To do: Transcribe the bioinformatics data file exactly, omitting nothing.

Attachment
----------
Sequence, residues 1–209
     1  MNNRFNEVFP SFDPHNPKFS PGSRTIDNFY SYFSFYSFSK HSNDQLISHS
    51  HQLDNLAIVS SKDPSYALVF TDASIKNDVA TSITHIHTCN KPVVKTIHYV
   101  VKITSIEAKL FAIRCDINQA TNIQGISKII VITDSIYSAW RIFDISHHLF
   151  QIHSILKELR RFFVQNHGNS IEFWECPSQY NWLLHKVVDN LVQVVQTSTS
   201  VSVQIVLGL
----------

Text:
Sequence, residues 1–209
     1  MNNRFNEVFP SFDPHNPKFS PGSRTIDNFY SYFSFYSFSK HSNDQLISHS
    51  HQLDNLAIVS SKDPSYALVF TDASIKNDVA TSITHIHTCN KPVVKTIHYV
   101  VKITSIEAKL FAIRCDINQA TNIQGISKII VITDSIYSAW RIFDISHHLF
   151  QIHSILKELR RFFVQNHGNS IEFWECPSQY NWLLHKVVDN LVQVVQTSTS
   201  VSVQIVLGL